In the aforementioned article, Charlesworth points to a passage from Procopius where he describes a bronze equestrian statue of Justinian, which was, the writer says, “arrayed as Achilles.” Charlesworth observes: “why should Justinian, in the sixth century, have chosen Achilles? Why not, e.g. Alexander the Great ? The answer may be, I fancy, that through all these centuries the Greeks had never forgotten their first and peerless hero, the first great champion of Hellenism against barbarism. The memory of Achilles must have lived on, deep-rooted and strong, no mere figure of epic, but a hero and a power. That is confirmed by two remarkable passages in Zosimus, who, honest pagan as he is, makes no secret of his conviction that disaster was befalling the Empire precisely because it had abandoned its old ways and its old gods. He relates how, about the year 375, an old man Nestorius, in Attica, was warned in a dream to pay proper honour to Achilles; but he was scoffed at by all those whom he consulted, and at last on his own prompting he made an image of Achilles, in an aedicula , and set it by the statue of Athena in the Parthenon. So it was that while all the rest of Greece was shaken by an earthquake that occurred in that year Attica alone was preserved from its ravages !”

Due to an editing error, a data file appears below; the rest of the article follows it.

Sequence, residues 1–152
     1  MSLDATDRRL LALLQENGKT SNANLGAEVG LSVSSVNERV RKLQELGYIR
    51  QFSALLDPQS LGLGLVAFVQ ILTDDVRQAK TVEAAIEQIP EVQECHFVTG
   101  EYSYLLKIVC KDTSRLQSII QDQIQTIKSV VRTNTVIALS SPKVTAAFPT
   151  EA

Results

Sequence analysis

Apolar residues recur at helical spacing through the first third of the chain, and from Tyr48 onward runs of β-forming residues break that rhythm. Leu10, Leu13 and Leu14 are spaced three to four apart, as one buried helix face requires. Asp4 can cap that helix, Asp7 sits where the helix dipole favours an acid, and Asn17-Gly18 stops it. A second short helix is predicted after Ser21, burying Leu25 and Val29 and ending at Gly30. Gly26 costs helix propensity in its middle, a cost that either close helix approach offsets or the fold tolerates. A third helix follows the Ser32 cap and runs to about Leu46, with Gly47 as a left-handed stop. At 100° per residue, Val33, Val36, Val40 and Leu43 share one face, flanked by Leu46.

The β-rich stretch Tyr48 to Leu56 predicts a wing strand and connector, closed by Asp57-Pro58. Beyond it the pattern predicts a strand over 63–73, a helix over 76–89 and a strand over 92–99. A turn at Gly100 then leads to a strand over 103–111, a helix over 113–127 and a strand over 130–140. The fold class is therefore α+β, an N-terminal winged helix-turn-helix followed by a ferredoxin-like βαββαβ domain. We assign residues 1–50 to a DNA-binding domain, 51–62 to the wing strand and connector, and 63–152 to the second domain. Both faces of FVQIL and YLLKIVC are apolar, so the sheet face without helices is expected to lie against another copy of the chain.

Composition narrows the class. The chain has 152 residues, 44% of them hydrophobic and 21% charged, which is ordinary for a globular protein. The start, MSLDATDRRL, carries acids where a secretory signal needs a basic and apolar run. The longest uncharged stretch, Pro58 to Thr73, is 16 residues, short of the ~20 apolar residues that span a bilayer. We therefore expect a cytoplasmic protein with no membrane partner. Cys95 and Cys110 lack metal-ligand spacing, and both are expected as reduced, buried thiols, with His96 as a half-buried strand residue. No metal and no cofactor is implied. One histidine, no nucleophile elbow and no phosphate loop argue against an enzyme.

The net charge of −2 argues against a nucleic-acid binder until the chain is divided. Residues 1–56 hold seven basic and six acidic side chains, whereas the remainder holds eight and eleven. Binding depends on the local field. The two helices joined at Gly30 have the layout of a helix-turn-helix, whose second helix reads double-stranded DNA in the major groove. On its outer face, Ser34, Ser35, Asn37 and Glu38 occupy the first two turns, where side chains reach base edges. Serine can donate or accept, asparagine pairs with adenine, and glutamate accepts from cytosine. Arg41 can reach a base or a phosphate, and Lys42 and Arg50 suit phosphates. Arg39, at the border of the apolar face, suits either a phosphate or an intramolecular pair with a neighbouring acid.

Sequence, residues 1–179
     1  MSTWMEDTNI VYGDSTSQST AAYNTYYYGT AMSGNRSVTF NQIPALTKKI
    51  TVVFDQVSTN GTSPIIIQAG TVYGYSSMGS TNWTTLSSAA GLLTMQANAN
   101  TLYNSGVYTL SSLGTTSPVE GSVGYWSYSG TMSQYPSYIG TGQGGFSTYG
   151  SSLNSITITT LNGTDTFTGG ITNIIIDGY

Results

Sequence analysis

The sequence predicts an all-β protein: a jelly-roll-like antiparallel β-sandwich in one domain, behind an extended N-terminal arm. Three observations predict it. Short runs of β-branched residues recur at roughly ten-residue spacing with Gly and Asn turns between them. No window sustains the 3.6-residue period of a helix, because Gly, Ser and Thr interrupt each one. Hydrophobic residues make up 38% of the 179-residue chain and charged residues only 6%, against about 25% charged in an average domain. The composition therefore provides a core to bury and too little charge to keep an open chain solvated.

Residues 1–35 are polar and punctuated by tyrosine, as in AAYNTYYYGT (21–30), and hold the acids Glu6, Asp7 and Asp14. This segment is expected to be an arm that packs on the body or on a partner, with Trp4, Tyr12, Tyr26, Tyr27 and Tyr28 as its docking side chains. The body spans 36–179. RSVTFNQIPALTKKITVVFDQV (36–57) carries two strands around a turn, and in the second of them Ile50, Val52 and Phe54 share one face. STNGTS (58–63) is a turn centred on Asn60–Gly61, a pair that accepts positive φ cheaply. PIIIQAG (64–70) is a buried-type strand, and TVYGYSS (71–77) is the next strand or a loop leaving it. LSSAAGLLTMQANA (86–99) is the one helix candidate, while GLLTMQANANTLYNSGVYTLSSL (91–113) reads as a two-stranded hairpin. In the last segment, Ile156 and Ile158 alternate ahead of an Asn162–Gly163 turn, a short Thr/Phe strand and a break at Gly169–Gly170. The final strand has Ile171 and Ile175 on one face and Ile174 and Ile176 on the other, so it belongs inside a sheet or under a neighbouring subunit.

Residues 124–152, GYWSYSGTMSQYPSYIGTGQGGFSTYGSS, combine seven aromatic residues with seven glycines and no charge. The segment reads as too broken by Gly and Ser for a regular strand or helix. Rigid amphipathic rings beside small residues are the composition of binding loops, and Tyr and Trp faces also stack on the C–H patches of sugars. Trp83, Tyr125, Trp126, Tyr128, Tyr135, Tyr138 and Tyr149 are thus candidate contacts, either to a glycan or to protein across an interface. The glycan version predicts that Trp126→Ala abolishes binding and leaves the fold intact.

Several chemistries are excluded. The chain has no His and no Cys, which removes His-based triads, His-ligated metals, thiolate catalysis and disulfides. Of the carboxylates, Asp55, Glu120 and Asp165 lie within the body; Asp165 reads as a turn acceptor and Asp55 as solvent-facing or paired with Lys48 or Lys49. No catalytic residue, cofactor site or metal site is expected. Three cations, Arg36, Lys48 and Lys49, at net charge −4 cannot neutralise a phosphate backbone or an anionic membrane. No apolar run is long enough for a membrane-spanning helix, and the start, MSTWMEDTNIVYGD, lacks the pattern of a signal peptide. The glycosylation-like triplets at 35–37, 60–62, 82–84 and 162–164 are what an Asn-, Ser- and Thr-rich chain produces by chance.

More remarkably still is another example from 396: “Alaric, the barbarian from the North, has advanced irresistibly through Thessaly and Boeotia: Athens lies before him, an easy prey, with not enough men to defend her walls and famine threatening from the Piraeus. Yet Alaric stayed his hand, for as he advanced he saw ‘Athena Promachus making the circuit of the walls, armed and ready to engage the attackers, and in front of the walls was standing Achilles, the hero, just as Homer showed him to the Trojans, when in anger for the death of Patroclus he was warring with vengeance in his heart.’”